Differences Between Alzheimer’s and DLB
The differences are closed related to symptoms in different Lewy body dementia stages and that of Alzheimer’s.
- Memory loss is more obvious with early Alzheimer’s; with DLB, memory issues and problems with planning, judgment and visual perception are more likely to occur in an advanced stage.
- Movement problems and disability are more common in early DLB; with Alzheimer’s, similar problems such as difficulty walking or balancing happen in moderate and severe stages.
- Compared to Alzheimer’s, delusions, hallucinations, REM sleep disorder, and failure to identify familiar people are more common in the early stages of DLB.
- Furthermore, people who have DLB are more likely to experience autonomic nervous system dysfunction, causing them to feel dizzy on standing because of a drop in blood pressure, to sustain more falls, and to suffer from urinary incontinence, than those with Alzheimer’s.
Managing/Living with Lewy Body Dementia
A person who is diagnosed with LBD must consult a neurologist who specializes in the treatment of dementia and other movement disorders. These doctors are often found in academic medical centers in large communities. However, a general neurologist can also be part of a medical team, which could be referred by your primary care physician.
There is no cure for LBD, but some symptoms temporarily respond to treatment.
1. Drug Therapy
Drug therapy is the mainstay of treatment for dementia with Lewy bodies and is much like that of Parkinson’s disease or Alzheimer’s disease.
- These include acetylcholinesterase inhibitors, which help decrease confusion and mental instability, agitation and hallucinations. Atypical neuroleptic or antipsychotic drug is typically the first choice for agitation and hallucinations. It is important to treat these symptoms because they can result in accidents, injuriesor unsafe behavior. However, standard antipsychotic drugs (haloperidol) are not recommended because many people with LBD may be extremely sensitive to them.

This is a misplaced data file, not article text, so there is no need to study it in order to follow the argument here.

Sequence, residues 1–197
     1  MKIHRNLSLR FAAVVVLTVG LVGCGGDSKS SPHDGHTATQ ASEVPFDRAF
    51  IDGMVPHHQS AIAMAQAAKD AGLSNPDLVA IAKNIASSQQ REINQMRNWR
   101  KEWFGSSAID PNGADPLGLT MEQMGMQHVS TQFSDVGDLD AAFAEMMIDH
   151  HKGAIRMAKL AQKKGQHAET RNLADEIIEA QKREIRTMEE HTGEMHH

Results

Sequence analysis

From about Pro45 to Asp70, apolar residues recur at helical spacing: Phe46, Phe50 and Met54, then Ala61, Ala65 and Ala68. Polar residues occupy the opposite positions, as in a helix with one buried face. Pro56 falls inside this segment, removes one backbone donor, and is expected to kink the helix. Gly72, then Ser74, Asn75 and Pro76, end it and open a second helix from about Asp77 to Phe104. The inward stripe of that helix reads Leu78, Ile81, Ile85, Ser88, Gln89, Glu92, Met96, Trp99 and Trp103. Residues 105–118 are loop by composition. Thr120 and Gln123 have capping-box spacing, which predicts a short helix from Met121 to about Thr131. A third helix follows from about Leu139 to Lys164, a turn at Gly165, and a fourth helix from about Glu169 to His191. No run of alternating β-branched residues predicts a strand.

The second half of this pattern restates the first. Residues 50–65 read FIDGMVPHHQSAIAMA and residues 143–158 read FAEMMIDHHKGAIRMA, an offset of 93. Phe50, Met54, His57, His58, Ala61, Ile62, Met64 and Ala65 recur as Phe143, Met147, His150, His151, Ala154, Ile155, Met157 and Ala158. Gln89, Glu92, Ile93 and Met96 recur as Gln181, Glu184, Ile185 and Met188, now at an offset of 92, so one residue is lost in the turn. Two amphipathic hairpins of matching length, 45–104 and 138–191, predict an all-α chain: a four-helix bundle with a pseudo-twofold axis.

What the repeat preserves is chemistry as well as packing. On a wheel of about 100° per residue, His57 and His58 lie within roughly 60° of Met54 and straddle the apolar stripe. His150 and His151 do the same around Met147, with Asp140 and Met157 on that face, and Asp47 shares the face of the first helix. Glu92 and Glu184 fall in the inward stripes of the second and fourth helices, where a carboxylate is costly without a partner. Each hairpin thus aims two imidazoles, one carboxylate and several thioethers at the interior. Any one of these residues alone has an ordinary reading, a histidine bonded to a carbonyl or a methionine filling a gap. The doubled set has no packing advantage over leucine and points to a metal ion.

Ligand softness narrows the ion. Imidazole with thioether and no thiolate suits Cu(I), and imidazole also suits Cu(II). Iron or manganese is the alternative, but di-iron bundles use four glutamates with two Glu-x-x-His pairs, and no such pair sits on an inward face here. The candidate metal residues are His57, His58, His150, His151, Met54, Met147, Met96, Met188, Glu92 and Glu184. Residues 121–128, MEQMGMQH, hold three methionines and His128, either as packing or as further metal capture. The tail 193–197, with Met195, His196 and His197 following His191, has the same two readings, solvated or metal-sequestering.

- Other drugs that are widely used to relieve symptoms include antidepressants like selective serotonin reuptake inhibitors (SSRIs), monoamine oxidase-B inhibitor (MAOI), and tricyclic antidepressants. In older people, combining these drugs is not usually recommended to avoid severe side effects.
- Some research suggests the use of vitamin E to slow the progression of dementia in Alzheimer’s disease, but there is still no proof that this antioxidant works in LBD.
2. Non Non-Medical Therapies
Other non-medical therapies include diet, physiotherapy, occupational therapy, and speech therapy to help manage symptoms. Neurologists can work with healthcare providers to manage particular symptoms through various Lewy body dementia stages such as:
- Physical therapists, to help manage movement problems using general physical fitness programs, strengthening, cardiovascular, and flexibility exercises, and gait training.
- Speech therapists, to help improve voice volume, projection, and difficulties with swallowing.
- Occupational therapists, to help the patient carry out daily activities independently, such as bathing and eating.
- Music or art therapists, to provide meaningful activities to help improve well-being and reduce anxiety.
- Mental health counselors, to help patients and their families learn how to cope with behaviorsand emotions and to help plan for their future.
Another valuable resource is support groups for people with LBD as well as their caregivers. These groups encourage sharing of experiences and tips with people in the same situation to identify practical solutions for daily challenges and to get social and emotional support.